You want to make your home look AH-MAZ-ING before you put it on the market, to maximize your chances of attracting the right buyers and getting the highest possible price for your biggest asset – your home. How do you know which jobs you can tackle yourself, and which ones should be left to the professionals?
As professionals in this industry, we see many homeowners who decided to go the DIY route and later regretted it. Many said they had to call in a pro to correct to fix what they messed up. A lot said their DIY project ended up costing more money and/or took longer than they anticipated than if they’d just hired a professional in the first place.
Here’s how to determine if you should DIY or leave that project to the professionals:
Questions to ask before you start
Are You Physically Fit?
Many DIY projects are physically demanding and require strength beyond the average person’s fitness level. If the project leaves you exhausted and keeps you from your everyday activities, it might not be worth the potential cost savings. What about playing with your kids, spending time with your spouse, family obligations, regular household chores, and getting together with friends? Ask yourself, if tackling a DIY job leaves you too tired to work, how will that affect your other obligations?
Amateur Finishing vs Pro Finishing
One of the biggest differences between the work of professionals vs homeowners is the level of finish. DIY jobs are obvious to most people at first glance. Professional finishing will be significantly better than amateur work because they’ve done this a hundred times before and have learned the techniques that produce the best outcome. Even if you’re not planning on selling your home any time soon, are you prepared to live with the finish you somehow managed and be happy with, “I tried”?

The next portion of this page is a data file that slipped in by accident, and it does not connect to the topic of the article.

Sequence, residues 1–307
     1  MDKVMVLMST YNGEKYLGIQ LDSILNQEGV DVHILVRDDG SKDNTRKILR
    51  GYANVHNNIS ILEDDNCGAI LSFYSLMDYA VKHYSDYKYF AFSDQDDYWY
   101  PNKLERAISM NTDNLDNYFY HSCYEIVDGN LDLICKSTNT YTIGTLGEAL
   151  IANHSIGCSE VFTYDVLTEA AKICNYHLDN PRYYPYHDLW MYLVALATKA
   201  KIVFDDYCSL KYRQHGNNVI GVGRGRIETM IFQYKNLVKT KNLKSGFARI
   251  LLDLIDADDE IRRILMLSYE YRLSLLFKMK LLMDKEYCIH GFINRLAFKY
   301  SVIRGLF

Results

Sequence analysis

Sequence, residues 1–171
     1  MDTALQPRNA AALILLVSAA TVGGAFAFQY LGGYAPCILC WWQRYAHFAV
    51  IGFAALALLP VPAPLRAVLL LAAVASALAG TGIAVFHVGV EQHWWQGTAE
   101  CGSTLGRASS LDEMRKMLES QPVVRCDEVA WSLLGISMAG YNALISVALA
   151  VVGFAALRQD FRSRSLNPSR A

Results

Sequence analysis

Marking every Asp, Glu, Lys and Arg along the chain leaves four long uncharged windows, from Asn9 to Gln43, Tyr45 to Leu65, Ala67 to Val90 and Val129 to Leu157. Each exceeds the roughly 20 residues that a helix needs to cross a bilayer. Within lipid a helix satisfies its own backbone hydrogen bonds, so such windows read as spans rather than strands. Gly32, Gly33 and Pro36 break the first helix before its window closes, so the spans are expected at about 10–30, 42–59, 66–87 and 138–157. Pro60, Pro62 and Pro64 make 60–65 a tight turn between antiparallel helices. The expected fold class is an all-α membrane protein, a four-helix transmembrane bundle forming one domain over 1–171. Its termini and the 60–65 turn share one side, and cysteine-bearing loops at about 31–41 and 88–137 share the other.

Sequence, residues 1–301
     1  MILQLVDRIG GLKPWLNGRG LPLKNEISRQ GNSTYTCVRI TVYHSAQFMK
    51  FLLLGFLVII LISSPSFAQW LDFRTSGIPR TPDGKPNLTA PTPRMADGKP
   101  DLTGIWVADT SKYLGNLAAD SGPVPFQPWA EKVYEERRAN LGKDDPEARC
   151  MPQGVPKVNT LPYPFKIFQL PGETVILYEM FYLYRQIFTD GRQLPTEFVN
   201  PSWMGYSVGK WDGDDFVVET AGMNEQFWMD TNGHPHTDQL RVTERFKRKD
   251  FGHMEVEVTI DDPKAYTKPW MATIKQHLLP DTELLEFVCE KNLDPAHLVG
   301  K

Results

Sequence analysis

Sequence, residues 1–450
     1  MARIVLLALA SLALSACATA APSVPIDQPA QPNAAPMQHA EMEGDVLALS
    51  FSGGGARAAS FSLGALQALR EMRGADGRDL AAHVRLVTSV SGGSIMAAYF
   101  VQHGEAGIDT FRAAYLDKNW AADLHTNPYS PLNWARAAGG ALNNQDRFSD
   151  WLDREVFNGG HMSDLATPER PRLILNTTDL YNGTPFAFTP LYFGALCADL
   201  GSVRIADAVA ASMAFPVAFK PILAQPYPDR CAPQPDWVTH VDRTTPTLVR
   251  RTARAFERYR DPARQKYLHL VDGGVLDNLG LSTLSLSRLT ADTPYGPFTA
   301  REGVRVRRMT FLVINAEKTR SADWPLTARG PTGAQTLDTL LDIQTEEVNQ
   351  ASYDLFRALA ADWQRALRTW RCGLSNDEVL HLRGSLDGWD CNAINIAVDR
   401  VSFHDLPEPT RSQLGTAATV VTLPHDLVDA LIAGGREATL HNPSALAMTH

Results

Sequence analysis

Is the Job Reversible?
Many jobs require technical skills and knowledge of the Building Code. DIY projects can often take a wrong turn, and the homeowner discovers that what they thought was a simple job is actually well beyond their capabilities. If something does go wrong, do you have the skills and know-how to be able to restore your home back to its original condition or have you just decreased your property value? Can you undo the changes you have made? If not, deciding to DIY it could be a highly risky venture.
Is the job dangerous?
Some jobs are simply hazardous and can result in dangerous conditions. Do you have the safety training and required safety equipment to perform those jobs? If you end up injured, it’s definitely not a cost savings!
Do You Have the Technical Know-How?
The main reason people leave some jobs to the professionals is that they lack the technical know-how. Watching YouTube videos might be okay if you need to fix a clogged bathtub drain or replace a belt on your dryer, but it doesn’t equip you to install a back-flow prevention valve in your sewer line. Installing drywall or hardwood flooring, most plumbing and electrical work and anything structural requires special knowledge and equipment.
Are You Certain About Costs?